"I'm an artist, a musician, a magician, a writer, a singer. I'm everything," claims 71 year-old Lee "Scratch" Perry on his MySpace page. And while there's certainly some exaggeration to be found in his eccentric ways, Perry's show at the House of Blues confirmed his status as patriarch of the hypnotic and weirdly seductive style of dub.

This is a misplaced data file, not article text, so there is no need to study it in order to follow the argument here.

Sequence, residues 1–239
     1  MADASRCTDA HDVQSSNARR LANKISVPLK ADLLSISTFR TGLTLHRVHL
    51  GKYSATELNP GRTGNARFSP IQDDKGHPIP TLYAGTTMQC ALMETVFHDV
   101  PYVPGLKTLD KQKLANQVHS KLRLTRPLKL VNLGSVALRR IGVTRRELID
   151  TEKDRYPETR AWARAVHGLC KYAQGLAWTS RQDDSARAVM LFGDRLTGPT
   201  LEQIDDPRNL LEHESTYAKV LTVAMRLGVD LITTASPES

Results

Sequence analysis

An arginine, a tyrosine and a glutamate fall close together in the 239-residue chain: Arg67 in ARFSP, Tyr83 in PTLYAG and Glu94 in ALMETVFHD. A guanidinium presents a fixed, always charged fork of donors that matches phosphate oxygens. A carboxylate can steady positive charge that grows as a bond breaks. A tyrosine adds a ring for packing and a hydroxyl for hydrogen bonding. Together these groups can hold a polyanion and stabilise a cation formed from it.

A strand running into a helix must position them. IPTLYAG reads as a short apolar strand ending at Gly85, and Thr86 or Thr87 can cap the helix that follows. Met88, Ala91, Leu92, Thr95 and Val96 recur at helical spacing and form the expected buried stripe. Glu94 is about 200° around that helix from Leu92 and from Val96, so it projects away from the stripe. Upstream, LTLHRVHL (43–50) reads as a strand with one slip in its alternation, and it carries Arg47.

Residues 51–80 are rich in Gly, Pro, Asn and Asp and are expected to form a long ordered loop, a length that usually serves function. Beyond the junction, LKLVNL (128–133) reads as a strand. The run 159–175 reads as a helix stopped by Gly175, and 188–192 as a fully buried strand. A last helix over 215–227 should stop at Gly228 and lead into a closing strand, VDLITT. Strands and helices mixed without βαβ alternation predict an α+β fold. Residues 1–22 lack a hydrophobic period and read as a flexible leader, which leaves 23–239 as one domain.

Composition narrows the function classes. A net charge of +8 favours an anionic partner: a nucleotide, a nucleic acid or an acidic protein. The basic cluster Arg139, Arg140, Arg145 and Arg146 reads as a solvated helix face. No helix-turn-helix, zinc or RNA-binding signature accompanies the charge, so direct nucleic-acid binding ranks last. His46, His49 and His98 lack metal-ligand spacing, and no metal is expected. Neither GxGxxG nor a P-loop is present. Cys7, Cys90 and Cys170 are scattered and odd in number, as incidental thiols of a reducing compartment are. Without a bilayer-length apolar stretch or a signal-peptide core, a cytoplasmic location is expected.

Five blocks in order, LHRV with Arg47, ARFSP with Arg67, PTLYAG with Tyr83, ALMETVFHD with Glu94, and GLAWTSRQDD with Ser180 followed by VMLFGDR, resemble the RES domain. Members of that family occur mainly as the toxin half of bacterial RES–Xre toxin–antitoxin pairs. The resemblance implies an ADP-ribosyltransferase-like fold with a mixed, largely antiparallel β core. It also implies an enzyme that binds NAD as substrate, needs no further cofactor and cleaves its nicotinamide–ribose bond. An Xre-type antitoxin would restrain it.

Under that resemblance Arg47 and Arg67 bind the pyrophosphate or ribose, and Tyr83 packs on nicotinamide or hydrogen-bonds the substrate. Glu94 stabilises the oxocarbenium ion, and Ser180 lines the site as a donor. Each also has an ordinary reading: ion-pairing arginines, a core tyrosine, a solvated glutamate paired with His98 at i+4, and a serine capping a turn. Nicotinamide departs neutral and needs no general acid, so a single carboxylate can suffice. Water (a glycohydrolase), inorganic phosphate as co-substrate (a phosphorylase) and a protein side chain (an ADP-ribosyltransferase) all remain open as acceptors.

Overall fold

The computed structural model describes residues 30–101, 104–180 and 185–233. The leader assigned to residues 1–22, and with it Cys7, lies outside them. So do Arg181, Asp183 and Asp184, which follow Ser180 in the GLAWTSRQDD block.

“I’m an artist, a musician, a magician, a writer, a singer. I’m everything,” claims 71 year-old Lee “Scratch” Perry on his MySpace page. And while there’s certainly some exaggeration to be found in his eccentric ways, Perry’s show at the House of Blues confirmed his status as patriarch of the hypnotic and weirdly seductive style of dub — one of Jamaica’s biggest contributions to the lexicon of popular music.Perry was backed by Dub Is a Weapon, an excellent septet from Brooklyn that includes the energetic conga workouts of veteran percussionist Larry McDonald. During its hourlong opening set, the group delivered a potent cocktail of funky bass lines, tight percussive grooves and subtle dub effects. At the core of the band’s incandescent sound lies the artistry of Maria Eisen on saxophone; she switched between dance friendly riffs and more idiosyncratic, wailing solos. Working with a simple 16-channel mixing board and guitar pedals, founding member and former Antibalas guitarist David Hahn created the shimmering atmospherics for which dub is known. A version of the Skatalites’ “Rock Fort Rock,” with its instantly recognizable melody on the sax, was the set’s most invigorating moment. When Dub Is a Weapon returned onstage as the backing band for Perry, it sounded moody and focused, adjusting instantly to the singer’s trancelike (and occasionally monotonous) delivery. The bass lines became deeper, the dub effects more mysterious, and the members of the group — made up mostly of young musicians — looked genuinely thrilled to be backing the master. Perry became one of the most iconic figures in Jamaican music on the strength of his collaborations with the Wailers in the late ’60s and the visionary productions recorded during the ’70s in his own Black Ark studio, which he literally burned to the ground in 1980. He’s always been more of a producer than a singer, which explains the iffy quality of his vocals during most of Saturday’s perf. But Perry is more than just a voice. Wearing outlandish clothes and jewelry, he seemed to encapsulate the very essence of vintage reggae: rhythmically prodigious, slightly catatonic, wondrously evocative and blessed with a jovial attitude and a wicked sense of humor.